2001: Terrifying and Confusing

This is one of the most fascinating books I’ve reviewed yet!

Most of the time, in regards to book and movie adaptations, one comes before the other. Someone will write a book that’ll later be turned into a movie or a movie will get a book adaptation. Because of this process, there is always a divide between either version. Movies will have to trim material from the book while a book might add extra stuff on top of what was already there.

2001: A Space Odyssey is unique in that regard. The book technically started life before the movie in order to give director Stanley Kubrick an outline for his movie’s story. It was supposed to be released either before or alongside the movie, either as a promotional thing or to make some quick cash. But for whatever reason, the movie came out first and the book would follow later.

Because of this unique process, the stories between the book and the movie are very small. Most of them are so small that they’re basically inconsequential. It’s interesting to think about.

And that’s all before we talk about the book itself.

To be very brief: the majority of the story focuses on Discovery One, a ship bound for Saturn (it’s Jupiter in the movie) manned by Dr. David Bowman and Dr. Frank Poole with the help of HAL 9000. Their mission: observe the planet, do some studying, then get home. At least, that’s what they’re told. But when HAL starts to go haywire, things take a dark and dangerous turn.

I am leaving a lot out of that summary. Maybe I don’t need to; the movie’s been around for… over fifty years now? The book almost just as long? But some people may not have seen it or read this yet, so I’ll play it safe. Just know: this shit gets fucking weird, dude! Like, super weird! No, no matter how weird you’re thinking, it’s not enough and you’re wrong! You could take acid and mushrooms at the same time and not come up with shit as crazy as what’s in this book?

But I will say: space baby. What the fuck is up with that?

Forget that, though! You know what’s super fucking scary?! HAL 9000! A malfunctioning AI that has complete control over whether you live or die?! One that can flush you into the cold void of space on a whim?! That’s fucking terrifying, dude!! And this book explores that to spectacular effect! When HAL goes haywire, it’s some of the most uncomfortable, scary shit I’ve ever read!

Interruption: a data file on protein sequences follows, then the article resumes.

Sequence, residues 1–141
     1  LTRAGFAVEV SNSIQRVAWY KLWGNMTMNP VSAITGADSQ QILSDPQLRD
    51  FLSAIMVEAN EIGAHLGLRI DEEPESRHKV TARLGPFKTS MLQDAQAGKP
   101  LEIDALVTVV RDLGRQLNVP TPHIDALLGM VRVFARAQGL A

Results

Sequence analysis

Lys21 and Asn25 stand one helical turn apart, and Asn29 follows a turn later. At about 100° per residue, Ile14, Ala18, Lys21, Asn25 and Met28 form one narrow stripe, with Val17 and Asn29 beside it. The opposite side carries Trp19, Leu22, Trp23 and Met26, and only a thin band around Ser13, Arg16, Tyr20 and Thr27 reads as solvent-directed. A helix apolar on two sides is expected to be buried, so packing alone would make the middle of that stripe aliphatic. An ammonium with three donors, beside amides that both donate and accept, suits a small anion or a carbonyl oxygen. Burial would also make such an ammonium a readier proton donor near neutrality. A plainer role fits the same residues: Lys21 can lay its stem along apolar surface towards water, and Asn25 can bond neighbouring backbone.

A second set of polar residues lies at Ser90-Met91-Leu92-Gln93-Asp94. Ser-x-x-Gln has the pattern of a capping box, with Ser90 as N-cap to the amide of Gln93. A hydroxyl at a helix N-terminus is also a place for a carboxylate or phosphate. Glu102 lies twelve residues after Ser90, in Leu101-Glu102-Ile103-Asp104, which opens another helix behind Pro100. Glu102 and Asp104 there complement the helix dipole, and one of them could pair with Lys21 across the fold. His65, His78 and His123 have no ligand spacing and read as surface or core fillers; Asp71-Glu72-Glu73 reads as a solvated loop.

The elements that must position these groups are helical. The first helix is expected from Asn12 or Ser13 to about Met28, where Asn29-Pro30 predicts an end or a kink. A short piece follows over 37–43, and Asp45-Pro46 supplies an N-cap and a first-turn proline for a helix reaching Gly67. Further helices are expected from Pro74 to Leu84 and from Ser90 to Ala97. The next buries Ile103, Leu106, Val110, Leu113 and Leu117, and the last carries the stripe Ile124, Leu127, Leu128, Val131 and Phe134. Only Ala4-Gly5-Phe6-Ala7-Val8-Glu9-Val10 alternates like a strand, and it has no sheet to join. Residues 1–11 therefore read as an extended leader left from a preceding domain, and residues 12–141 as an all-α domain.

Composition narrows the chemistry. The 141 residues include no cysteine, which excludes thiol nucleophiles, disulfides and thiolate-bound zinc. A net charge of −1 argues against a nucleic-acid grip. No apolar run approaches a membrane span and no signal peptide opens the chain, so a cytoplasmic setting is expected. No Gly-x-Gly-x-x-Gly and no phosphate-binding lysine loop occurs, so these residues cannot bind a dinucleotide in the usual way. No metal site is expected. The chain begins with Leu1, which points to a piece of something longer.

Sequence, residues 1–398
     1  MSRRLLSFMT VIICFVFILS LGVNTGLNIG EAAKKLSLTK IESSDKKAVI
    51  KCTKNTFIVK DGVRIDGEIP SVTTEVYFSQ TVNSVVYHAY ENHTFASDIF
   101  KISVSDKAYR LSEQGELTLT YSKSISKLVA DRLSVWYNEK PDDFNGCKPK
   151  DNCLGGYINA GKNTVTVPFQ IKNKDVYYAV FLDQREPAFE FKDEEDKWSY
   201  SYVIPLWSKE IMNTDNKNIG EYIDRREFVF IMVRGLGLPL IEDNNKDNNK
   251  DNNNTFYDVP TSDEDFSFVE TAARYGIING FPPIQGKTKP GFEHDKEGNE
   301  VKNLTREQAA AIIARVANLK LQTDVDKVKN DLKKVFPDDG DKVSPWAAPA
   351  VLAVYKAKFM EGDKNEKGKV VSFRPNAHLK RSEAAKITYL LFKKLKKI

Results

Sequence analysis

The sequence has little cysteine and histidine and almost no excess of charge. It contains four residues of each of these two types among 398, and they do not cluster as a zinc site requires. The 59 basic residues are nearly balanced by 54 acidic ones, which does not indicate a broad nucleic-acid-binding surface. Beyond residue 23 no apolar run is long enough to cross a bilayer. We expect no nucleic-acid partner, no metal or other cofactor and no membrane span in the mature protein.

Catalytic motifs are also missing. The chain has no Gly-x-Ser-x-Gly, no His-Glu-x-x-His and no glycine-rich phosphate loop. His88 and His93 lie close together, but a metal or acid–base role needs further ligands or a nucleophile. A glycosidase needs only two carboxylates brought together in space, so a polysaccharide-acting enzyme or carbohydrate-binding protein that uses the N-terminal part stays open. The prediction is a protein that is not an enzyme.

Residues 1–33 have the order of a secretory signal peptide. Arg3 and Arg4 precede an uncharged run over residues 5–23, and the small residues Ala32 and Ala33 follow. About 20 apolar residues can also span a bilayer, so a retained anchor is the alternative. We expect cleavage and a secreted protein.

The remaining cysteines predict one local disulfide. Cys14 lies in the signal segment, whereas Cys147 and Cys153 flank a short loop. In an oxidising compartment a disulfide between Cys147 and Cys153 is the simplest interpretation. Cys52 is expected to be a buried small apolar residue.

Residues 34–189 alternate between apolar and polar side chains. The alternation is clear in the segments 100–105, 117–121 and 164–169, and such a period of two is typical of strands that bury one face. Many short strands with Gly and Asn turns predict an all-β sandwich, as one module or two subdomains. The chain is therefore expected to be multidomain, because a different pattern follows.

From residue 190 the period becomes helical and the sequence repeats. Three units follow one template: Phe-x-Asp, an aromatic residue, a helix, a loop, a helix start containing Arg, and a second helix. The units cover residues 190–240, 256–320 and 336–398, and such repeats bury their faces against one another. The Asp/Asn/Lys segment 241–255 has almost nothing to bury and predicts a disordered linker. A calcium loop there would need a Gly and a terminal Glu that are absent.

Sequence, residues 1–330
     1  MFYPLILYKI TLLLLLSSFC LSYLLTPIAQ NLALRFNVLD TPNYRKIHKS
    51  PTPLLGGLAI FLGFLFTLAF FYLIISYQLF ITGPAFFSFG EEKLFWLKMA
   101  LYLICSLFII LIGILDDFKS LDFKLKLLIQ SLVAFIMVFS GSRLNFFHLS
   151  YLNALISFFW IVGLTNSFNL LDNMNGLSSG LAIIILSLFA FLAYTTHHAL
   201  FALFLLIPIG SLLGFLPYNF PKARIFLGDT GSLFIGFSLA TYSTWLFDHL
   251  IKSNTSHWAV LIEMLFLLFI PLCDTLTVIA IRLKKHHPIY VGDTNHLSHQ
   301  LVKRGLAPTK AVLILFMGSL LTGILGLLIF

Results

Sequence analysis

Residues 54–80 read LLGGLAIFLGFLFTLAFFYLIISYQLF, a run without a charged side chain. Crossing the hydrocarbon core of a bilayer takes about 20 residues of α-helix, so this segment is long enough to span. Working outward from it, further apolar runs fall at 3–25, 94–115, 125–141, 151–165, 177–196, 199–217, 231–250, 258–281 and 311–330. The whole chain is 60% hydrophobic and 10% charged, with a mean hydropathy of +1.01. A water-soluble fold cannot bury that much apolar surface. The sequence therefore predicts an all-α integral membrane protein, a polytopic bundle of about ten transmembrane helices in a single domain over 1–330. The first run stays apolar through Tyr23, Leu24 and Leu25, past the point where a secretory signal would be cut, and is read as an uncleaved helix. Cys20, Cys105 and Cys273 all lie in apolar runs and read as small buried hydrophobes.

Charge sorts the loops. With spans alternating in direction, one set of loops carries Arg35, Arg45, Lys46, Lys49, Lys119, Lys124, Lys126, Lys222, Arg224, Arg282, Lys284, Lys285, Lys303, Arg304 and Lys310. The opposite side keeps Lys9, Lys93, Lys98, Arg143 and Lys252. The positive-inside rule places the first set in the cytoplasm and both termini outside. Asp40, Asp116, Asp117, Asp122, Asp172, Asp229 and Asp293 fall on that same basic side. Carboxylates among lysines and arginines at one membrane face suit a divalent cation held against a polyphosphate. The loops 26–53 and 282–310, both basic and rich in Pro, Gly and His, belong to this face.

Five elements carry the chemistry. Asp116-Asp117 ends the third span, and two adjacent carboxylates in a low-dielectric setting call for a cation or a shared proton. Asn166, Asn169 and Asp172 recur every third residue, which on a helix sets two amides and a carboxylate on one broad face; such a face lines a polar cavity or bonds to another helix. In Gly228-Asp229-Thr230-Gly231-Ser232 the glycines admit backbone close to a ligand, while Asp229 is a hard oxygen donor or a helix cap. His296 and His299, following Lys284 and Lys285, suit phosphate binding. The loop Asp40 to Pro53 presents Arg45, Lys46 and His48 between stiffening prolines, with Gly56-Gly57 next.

Shame it doesn’t last all that long…

Character wise, this book is kinda weak. None of the human characters have all that much personality to them, so they aren’t especially interesting or memorable. They may as well be named “Blank Face McScientist Man” or something like that.

The pacing is also kinda wonky. Some scenes last way too long, with way too much detail being put into just about everything. These descriptions get super long and tedious, making it easy to start spacing out and skim reading. For all the shit in this book that is incredibly bizarre, interesting, and terrifying, there’s something that is overly explained and boring.

However! Even with that, I still think this is a good book. It’s one of the few books that actually made me feel scared and to alienate me! 2001 is an incredibly fascinating bit of science fiction, one that I feel has aged fairly well. If you haven’t read it, I’d recommend giving it a shot!

Or you could just watch the movie. Like most people do.

5 responses to “2001: Terrifying and Confusing”

  1. “Most of the time, in regards to book and movie adaptations, one comes before the other.”

    True… But 2001 is VERY different. Neither the book nor the movie (2001) is really an adaptation of the other. The spring from the same source material, and grew up in the same environment… But they’re not twins, not even fraternal. They’re more like brothers, who (like all brothers) share a certain familial resemblance and have a number of shared experiences – yet are each unique and different.

    You’re absolutely correct though, it’s a totally unique situation.

    I can’t say you’re wrong about pacing and characterization though… The latter in particular was always Sir Arthur Clarke’s weak spot. His strength was more in ideas and situations and how they played out. Despite those weaknesses, he’s one of my favorite SF authors and practically the only one I could be said to collect. (I am very old school… I grew up almost entirely on print SF and the Old Masters. By the time Star Wars came along and Everything Changed I was in high school.)

    As it happens his best story is available online… and it’s appropriate for the season.

    Click to access TheStar.pdf

    Liked by 1 person

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